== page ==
Extract from Cathair Na Mart 1990-The National Movement
More arrests were made and prisoners were sent to the jail in Galway. Those arrested were Lawrence Moran, Killeenacoff, Peter O Connor, Loughloon, Peter Mc Loughlin, Oughty and two men both called John Hastings from Derryherbert known as Big John and Little John.
Extract from “Memories of the struggle for Irish Freedom” by Patrick Tunney
When my brother and I were marched to Carrowkennedy on a bleak winter’s night to where three army lorries were standing and there I saw, standing in the biting cold Peter Mc Loughlin of Oughty, one of the most energetic and most trusted Republicans in the Drummin area.
Our journeys ended in the barracks at James St. Westport and after a brief interrogation the three of us were escorted to an unlighted cell which was without any form of accommodation. Sergeant Garvey said to me the next day that my brother and Peter Mc Loughlin were to be held in custody while the troubles continue but I was to be released today if I signed a form. I refused and was sent with the other two prisoners in a military lorry accompanied by two Tans and two constables and brought to Castlebar Jail and on to Galway Jail where we arrived at around 4.30. I can honestly say that the beatings I witnessed here were the most appalling.”
Extract from P.J. Kelly statement
“On March 21, on receipt of a dispatch from Kilroy, myself, Joe Baker, Seamus Mc Evilly, Andrew Harney, James Harney and Tom Fergus crossed over Laughta Mountain and were met by guides Peter Mc Loughlin, Oughty and with him his brother Pat”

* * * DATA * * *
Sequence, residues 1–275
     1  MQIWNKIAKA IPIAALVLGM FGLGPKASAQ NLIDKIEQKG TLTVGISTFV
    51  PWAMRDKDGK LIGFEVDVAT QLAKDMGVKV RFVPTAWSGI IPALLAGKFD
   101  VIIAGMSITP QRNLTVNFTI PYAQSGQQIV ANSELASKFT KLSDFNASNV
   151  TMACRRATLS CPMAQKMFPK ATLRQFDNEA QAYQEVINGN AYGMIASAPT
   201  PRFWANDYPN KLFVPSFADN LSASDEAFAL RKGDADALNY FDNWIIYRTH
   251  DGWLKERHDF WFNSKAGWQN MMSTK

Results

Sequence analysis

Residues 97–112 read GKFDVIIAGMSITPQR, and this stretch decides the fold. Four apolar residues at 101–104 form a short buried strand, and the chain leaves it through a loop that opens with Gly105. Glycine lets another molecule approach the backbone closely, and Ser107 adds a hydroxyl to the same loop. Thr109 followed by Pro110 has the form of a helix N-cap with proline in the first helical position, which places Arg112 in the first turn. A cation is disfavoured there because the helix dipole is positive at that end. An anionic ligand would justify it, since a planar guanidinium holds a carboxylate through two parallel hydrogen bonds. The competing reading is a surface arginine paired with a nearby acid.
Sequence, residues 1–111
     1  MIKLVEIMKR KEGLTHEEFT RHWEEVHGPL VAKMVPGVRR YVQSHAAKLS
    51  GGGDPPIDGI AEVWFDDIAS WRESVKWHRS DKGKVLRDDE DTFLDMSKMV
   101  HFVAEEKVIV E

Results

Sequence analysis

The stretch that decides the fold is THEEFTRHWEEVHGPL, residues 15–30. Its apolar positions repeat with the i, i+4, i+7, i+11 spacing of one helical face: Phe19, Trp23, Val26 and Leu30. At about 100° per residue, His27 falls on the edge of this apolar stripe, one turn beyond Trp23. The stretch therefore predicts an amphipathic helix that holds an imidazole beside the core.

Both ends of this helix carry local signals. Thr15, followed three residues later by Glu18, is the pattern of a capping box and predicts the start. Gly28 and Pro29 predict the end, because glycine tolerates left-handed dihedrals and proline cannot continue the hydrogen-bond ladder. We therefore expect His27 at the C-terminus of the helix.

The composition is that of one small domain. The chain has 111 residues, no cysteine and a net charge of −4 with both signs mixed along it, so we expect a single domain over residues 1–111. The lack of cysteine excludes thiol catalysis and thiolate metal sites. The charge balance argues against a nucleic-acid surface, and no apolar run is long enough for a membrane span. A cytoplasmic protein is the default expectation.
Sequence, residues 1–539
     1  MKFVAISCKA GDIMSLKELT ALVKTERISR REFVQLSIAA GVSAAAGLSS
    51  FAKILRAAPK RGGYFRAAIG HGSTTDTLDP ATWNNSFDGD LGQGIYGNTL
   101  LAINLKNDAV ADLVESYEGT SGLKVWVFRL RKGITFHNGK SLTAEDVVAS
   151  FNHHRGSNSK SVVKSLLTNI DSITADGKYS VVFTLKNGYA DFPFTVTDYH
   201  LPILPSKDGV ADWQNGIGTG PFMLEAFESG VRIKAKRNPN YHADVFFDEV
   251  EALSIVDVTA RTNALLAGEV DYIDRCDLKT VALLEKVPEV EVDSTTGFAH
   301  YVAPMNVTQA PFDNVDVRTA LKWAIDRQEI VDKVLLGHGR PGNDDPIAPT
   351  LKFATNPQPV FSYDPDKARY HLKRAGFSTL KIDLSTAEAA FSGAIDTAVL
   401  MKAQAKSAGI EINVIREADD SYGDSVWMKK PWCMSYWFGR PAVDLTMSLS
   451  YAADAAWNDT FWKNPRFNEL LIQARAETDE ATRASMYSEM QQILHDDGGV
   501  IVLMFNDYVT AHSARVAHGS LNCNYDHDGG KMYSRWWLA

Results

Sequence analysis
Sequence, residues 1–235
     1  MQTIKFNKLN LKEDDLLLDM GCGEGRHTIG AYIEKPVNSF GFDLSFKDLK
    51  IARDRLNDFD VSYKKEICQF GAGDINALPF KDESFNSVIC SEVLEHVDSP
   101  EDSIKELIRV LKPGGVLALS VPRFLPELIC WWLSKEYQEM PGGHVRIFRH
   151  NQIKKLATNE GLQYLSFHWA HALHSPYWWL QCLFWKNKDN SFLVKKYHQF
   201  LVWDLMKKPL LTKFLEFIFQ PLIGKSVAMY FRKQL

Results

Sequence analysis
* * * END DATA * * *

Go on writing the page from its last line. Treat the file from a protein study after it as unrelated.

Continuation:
Galway Jail book- Four whitewashed walls and a vaulted roof, a window for air not light, a plank on the floor and an iron door, this is my home tonight -15/1/1921.
Extracts from Rath camp autograph book “The great only appear great because we are on our knees, let us rise” Peter. J. Mc Loughlin B Coy, Oughty, Drummin, Westport
Mayo Men in Rath Camp.
“Mayo News Westport 1921” Return of Westport prisoners-enthusiastic welcome
On Friday evening a special train with returning prisoners arrived in Westport about a quarter to 10:00 p.m. A tremendous crowd assembled at the railway station to meet them, including a large body of the I.R.A. Fog signals heralded the approach of the train. The iron bridge spanning the railway was bedecked with Sinn Fein flags, whole bonfires blazed on the streets. As the train steamed in there were loud and continued rounds of cheers. Motors and other vehicles were waiting to convey the prisoners to their respective homes. The following were the returning prisoners: William Fergus, Culleen. Patrick Tunney Derrykillew, Michael Tunney do, Lawrence Moran, Killeenacoff, Peter O Connor, Loughloon, Michael Gavin, Mayour, Kilmeena, Peter Mc Loughlin, Oughty, Drummin etc.
Extract from Drummin book “In the 1920’s Peter Mc Loughlin, Oughty was one of the committees who organised dances every Sunday night in the hall. At that time, it had a thatched roof and was used also as a meeting place for local Sinn Fein members as was Mc Loughlin’s of Oughty”
Ciss Mc Loughlin Carrowkennedy Cumann na mBan, sister of the Peter Mc Loughlin.
Thought you might like following autographs that I wrote down from my uncle years ago.
“The boys in the Rath are not downhearted, But why should they be? They have the honour of being amongst those who are manning the last trench for irish freedom”
“Four white washed walls and a vaulted roof, a window for air not light, a plank on the floor and an iron door, this is my home tonight.” Galway jail